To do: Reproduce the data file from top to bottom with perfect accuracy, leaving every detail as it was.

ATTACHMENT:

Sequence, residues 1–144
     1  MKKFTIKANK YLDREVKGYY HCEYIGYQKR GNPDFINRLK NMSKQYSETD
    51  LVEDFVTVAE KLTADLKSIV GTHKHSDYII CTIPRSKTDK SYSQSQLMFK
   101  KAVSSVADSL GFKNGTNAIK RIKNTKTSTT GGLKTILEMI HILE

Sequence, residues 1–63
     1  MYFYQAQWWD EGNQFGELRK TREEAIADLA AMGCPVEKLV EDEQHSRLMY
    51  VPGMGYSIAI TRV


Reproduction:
Sequence, residues 1–144
     1  MKKFTIKANK YLDREVKGYY HCEYIGYQKR GNPDFINRLK NMSKQYSETD
    51  LVEDFVTVAE KLTADLKSIV GTHKHSDYII CTIPRSKTDK SYSQSQLMFK
   101  KAVSSVADSL GFKNGTNAIK RIKNTKTSTT GGLKTILEMI HILE

Sequence, residues 1–63
     1  MYFYQAQWWD EGNQFGELRK TREEAIADLA AMGCPVEKLV EDEQHSRLMY
    51  VPGMGYSIAI TRV